Things we don't even know yet are in the works with new people we haven't even met yet. These friendships we find will be the ones to last us a lifetime. The adventures we experience will transform into the advice we tell our own children and will become the old tales we pass down to our grandkids when they come to visit on the weekends. We will probably hate the all night study sessions, the intensity of finals week, and the overpowering stress and panic of school in general, just like we did in high school... But it will all be worth it for the memories we make that will outlive the stress of that paper due in that class you absolutely hate. As we leave high school, remember what all the parents, teachers, coaches, and mentors are telling you - this are the best times of our lives!

THE BAD. The sentimental emotions are setting in. We're crying, siblings are tearing up, and parents are full-out bawling. On that first day, we never expected the school year to speed by the way it did. Suddenly everything is coming to an end. Our favorite teachers aren't going to be down the hall anymore, our best friends probably won't share a class with us, we won't be coming home to eat dinner with our families...

We all said we wanted to get out of this place, we couldn't wait, we were ready to be on our own; we all said we wouldn't be "so emotional" when the time came, but yet here we are, wishing we could play one more football game with our team or taking the time to make sure we remember the class we liked the most or the person that has made us laugh even when we were so stressed we could cry these past few years. Take the time to hug your parents these last few months. Memorize the facial expressions of your little sister or brother. Remember the sound of your dad coming home from work. These little things we take for granted every day will soon just be the things we tell our college roommate when they ask about where we're from. As much as we've wanted to get out of our house and our school, we never thought it would break our heart as much as it did. We are all beginning to realize that everything we have is about to be gone.

Growing up is scary, but it can also be fun. As we take the last few steps in the hallways of our school, take it all in. Remember, it's okay to be happy; it's okay to be totally excited. But also remember it's okay to be sad. It's okay to be sentimental. It's okay to be scared, too. It's okay to feel all these confusing emotions that we are feeling. The best thing about the bittersweet end to our high school years is that we are finally slowing down our busy lives enough to remember the happy memories.

Try not to get annoyed when your mom starts showing your baby pictures to everyone she sees, or when your dad starts getting aggravated when you talk about moving out and into your new dorm. They're coping with the same emotions we are. Walk through the halls remembering the classes you loved and the classes you hated. Think of the all great times that have happened in our high school years and the friends that have been made that will never be forgotten. We all say we hated school, but we really didn't. Everything is about to change; that's a happy thing, and a sad thing. We all just have to embrace it! We're ready, but we're not...

Cover Image Credit: Facebook

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Why Ignorance In Our Country Is Not Bliss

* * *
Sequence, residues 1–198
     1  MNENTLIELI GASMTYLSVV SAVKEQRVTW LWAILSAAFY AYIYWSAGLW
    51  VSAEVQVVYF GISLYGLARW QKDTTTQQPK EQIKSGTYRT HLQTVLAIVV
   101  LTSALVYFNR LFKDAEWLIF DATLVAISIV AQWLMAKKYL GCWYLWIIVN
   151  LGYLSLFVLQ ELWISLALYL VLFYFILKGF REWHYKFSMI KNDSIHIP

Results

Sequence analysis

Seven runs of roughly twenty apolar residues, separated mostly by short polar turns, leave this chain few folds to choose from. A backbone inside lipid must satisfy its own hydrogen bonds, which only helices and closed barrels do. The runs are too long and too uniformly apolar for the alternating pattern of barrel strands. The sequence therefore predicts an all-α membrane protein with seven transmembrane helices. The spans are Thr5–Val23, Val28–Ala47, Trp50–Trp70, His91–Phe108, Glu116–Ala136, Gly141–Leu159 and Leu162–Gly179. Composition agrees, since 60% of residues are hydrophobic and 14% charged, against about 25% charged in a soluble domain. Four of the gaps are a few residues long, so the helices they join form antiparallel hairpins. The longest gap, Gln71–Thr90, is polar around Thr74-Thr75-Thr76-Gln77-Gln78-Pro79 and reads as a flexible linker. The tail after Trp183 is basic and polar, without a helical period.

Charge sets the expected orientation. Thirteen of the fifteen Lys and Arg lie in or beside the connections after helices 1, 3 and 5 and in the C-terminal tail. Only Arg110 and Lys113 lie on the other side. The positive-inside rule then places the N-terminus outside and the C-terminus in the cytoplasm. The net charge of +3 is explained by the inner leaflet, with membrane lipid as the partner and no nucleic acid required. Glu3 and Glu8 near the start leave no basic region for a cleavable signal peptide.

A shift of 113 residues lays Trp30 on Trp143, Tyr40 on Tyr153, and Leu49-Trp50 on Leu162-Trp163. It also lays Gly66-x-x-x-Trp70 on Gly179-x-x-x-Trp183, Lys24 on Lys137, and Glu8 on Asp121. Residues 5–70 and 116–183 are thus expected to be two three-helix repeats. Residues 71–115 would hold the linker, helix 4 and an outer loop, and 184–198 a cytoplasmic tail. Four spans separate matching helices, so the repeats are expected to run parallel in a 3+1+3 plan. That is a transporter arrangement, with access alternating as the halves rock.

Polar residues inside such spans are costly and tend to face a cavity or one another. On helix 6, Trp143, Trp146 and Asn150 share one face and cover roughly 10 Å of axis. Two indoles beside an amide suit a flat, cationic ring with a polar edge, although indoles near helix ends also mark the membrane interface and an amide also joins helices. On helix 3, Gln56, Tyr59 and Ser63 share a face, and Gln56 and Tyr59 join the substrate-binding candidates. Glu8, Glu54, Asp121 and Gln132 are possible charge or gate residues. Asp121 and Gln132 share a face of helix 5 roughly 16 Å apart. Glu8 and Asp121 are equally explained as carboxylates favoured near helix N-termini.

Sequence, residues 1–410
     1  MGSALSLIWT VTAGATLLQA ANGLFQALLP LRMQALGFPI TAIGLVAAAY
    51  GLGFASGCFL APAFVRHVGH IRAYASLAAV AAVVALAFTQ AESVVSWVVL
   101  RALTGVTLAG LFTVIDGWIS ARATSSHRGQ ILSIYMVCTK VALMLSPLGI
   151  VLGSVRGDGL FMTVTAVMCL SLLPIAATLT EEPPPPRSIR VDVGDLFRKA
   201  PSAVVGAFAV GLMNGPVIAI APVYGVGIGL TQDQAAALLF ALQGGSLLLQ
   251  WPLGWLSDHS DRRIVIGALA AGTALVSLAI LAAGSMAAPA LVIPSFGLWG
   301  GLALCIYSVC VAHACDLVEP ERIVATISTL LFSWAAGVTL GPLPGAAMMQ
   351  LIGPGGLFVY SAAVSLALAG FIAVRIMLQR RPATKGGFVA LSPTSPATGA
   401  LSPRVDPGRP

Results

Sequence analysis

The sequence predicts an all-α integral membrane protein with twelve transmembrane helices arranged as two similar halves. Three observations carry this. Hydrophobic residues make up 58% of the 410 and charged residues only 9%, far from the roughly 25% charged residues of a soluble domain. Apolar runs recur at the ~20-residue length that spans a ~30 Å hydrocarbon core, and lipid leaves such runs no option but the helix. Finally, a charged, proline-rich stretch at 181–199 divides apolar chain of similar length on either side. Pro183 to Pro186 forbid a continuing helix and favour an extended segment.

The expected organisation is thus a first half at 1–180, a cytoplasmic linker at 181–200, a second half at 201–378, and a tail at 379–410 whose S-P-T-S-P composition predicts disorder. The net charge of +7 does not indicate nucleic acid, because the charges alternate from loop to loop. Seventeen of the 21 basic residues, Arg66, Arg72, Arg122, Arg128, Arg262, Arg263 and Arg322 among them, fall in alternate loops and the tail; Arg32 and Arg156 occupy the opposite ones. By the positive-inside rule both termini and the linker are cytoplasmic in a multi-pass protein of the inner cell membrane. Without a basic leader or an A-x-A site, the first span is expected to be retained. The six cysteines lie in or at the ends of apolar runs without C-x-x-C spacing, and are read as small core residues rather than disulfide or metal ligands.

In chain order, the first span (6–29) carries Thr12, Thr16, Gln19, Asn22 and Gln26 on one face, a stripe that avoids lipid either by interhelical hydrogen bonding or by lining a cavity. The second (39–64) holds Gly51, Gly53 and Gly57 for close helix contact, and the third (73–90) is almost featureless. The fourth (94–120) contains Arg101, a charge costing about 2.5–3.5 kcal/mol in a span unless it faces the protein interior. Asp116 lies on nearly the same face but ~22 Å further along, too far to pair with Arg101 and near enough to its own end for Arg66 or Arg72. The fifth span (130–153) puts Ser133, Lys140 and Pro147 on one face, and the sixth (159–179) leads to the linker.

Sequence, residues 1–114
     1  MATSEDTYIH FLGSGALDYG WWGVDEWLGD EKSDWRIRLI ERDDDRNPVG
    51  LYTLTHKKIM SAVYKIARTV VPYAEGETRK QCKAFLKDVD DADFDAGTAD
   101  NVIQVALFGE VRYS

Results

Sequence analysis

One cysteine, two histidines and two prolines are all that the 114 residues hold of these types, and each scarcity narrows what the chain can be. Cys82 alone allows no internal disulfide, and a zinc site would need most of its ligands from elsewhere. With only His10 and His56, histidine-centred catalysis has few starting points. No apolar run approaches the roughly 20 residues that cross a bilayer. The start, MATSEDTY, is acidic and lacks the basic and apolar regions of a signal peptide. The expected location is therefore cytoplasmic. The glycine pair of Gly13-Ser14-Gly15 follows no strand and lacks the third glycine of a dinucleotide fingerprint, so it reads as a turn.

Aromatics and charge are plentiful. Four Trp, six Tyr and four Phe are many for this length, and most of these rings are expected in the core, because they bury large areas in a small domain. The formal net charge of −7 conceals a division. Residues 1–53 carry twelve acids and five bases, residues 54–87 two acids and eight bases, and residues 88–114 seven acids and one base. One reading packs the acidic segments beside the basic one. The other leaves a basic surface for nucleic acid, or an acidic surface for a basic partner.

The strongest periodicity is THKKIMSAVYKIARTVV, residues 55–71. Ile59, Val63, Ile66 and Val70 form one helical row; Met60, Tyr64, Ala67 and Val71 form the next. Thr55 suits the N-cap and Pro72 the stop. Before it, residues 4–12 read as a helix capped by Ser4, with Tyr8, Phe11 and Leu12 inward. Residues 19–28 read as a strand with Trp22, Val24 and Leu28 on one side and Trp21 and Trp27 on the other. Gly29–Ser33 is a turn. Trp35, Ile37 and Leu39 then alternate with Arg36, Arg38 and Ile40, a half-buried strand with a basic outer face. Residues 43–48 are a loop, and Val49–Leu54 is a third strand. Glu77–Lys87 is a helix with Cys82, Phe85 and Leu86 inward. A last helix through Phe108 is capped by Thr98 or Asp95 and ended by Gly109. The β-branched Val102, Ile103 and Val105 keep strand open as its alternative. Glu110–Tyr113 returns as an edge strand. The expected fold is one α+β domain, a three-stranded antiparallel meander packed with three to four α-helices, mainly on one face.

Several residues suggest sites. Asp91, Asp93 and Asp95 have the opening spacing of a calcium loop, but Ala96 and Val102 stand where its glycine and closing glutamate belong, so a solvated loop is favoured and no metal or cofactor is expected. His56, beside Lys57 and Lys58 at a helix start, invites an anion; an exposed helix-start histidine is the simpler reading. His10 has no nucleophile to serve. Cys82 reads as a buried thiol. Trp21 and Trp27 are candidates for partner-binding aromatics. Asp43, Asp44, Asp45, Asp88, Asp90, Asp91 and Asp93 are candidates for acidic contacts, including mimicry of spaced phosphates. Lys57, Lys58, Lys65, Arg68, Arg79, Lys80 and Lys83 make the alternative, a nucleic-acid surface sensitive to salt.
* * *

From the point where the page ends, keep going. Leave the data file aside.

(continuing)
And it never will be.

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The saying ignorance is bliss is a bunch of crap. Ignorance is ignorance.

With everything going on in our country, I think it is very important for us to be educating ourselves.

You don't trust the news? Do your own digging.

You don't understand? Do some research.

You don't have the same perspective? Share it.

You only have your religious beliefs to base your knowledge? Learn before you judge.

We live in a scary world today. People judge others they've never met or before they've ever heard their story. People involve themselves in matters that they shouldn't be involved in. People are trying to regulate other people's bodies.

People don't want to learn about the issues they so strongly believe in. People don't want to hear the other side. When did party affiliation become more important than being a human being? When did men get the power to decide what women can do with their bodies? When did we stop being compassionate? When did we stop being decent human beings?

I don't want to live in a world where I have all these questions.

I don't want to live in a world where a judicial system will convict a woman who got an abortion after she was raped, but won't convict her rapist.

I don't want to live in a world where my social media timeline makes me want to cry.

I want to live in a world where everyone's opinion matters, not just the one you agree with.

I want to live in a world where everyone's voice is heard equally, not just the one's in power.

I want to live in a world where everyone's story is taken into consideration, not just the one's the government wants you to hear.

I want to live in a world where I can raise a young girl and not be afraid for her.

I want to live in a world where we do good.

I want to live in a world where we have differences, but that doesn't make us any less equal.

I want to live in a world where we don't judge before we know.

I want to live in a world where religious beliefs are respected.

I want to live in a world where it doesn't matter what political party you are.

I want to live in a world where people see right from wrong.

I want to live in a world where I am not afraid.

What kind of world do you want to live in?